The 5G Bottleneck: A Bumpy Road Ahead? The telecom operators in India are contesting the demand of tech companies who want the government to directly allocate 5G spectrum to private enterprises
Opinions expressed by Entrepreneur contributors are their own.
You're reading Entrepreneur India, an international franchise of Entrepreneur Media.
India is on the cusp of a 5G boom and the final roll out is in its last stages of development. The government is planning to come up with the 5G auction in the later half of 2022. However, even before the bids are called, a war of words has ensued between the telecom operators and the tech giants. Traditionally, telecom companies buy spectrum in auctions and roll out networks. In the current scenario, the telecom operators are contesting the demand of tech companies who want the government to directly allocate 5G spectrum to private enterprises.
The telecom operators such as Reliance Jio, Airtel, Vodafone-Idea are pitting against Telecom Regulatory Authority of India's (TRAI) decision to consider tech companies such as Tata Consultancy Services (TCS), Google, Amazon, Cisco for the deployment of captive business networks.
The Cellular Operators Association of India (COAI), an advocacy group for the telecom industry, said in a statement, "There is no need to alienate spectrum directly to companies for captive private networks. The licensed access service providers are fully capable of providing all customized solutions, including M2M/ Industrial 4.0 services in the most competitive and economic manner, and are providing such network configurations to private and public sector entities."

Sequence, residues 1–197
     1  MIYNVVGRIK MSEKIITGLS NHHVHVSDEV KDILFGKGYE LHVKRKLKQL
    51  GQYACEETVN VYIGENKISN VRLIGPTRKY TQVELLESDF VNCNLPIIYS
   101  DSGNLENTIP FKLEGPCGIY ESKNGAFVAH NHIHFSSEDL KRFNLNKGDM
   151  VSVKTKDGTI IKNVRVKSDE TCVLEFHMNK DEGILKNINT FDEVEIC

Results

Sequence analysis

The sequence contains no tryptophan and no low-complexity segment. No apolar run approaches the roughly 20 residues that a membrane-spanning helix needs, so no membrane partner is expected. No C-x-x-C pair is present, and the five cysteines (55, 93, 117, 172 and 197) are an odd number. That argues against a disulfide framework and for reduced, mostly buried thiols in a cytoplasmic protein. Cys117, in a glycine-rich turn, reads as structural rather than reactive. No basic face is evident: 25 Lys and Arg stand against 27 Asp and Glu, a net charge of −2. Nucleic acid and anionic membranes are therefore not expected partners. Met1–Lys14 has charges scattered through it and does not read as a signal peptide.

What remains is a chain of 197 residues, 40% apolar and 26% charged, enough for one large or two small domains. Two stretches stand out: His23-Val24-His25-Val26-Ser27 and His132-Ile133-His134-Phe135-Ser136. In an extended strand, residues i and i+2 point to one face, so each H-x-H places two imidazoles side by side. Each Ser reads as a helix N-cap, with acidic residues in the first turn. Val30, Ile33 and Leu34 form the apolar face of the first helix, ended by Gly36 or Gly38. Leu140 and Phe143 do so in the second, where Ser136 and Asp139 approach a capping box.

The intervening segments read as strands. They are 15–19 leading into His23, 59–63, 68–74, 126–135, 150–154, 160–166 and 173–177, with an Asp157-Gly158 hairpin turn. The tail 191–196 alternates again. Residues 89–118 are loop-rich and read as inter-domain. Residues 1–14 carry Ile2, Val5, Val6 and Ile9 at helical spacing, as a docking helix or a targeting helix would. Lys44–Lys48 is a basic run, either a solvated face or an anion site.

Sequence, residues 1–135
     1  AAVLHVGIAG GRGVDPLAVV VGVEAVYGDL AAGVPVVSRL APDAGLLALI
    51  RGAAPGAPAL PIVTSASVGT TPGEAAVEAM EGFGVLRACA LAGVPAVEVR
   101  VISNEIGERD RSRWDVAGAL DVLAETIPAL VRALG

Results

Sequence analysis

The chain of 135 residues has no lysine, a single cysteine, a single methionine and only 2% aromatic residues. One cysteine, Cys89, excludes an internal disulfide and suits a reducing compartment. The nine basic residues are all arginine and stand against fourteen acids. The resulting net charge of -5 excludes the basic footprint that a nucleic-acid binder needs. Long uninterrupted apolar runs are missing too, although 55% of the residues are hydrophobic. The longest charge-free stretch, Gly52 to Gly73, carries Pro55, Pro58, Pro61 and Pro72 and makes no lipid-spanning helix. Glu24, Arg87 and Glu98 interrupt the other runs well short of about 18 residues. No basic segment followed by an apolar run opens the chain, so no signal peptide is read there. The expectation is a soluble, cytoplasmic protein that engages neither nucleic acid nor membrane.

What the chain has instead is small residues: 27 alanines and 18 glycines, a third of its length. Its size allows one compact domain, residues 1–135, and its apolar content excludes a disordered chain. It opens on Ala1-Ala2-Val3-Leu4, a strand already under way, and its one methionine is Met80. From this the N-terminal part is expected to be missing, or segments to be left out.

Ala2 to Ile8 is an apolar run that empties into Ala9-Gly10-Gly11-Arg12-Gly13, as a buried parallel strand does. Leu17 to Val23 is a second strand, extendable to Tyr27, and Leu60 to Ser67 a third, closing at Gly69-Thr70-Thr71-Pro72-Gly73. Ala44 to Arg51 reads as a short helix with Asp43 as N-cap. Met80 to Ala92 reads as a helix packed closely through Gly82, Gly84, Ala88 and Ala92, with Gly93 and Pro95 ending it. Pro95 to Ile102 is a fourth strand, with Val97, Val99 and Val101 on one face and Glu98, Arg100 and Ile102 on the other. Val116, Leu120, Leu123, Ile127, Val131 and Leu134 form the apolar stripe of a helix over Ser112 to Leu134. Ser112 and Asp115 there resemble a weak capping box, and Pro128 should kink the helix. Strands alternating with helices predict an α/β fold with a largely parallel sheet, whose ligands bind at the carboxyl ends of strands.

The move comes close to the heels of an announcement made by TCS, the information technology company. It recently asked the government to allocate 5G spectrum to private enterprises, as recommended by TRAI.
Earlier, the Broadband India Forum (BIF), industry body for tech companies, stated–with efficient private networks–enterprises would increase productivity, which will open enhanced revenue streams for the telcos. In a letter to the government it said, "Captive usage in the current situation would only contribute a minor share in processes/applications like robotics, automation, etc, due to challenges in delivering the required SLAs (service level agreement) through public networks. Therefore, the speculated loss in revenues for telcos via enterprise services is a misplaced one."
What telcos fear
The telcos fear that such a move will give a backdoor entry to private companies, truncate the revenues of licensed telcos, rob the government of valuable revenues and create a non-level playing field. Flagging concerns against Trai's recommendation on 5G spectrum for private enterprise networks to be assigned administratively on demand through a publicized online portal-based process, the Telcos said such a proposal could potentially rob telcos of their future 5G enterprise business revenues, estimated at around 40 per cent of overall 5G business revenues and destroy the 5G business case in India.
How it started & where It's going?
By the beginning of 2021, 61 countries had commercial 5G networks. The 5G network in India first came into the scene in 2017. A high-level forum was set up by the government to chalk out a roadmap towards a 5G India by 2020. Subsequently, technology companies were called to conduct major trials and devise a framework related to 5G applications and use cases.
Today, if the standoff is not resolved at the earliest, it will deter the 5G roll out and further push India behind other countries in the game.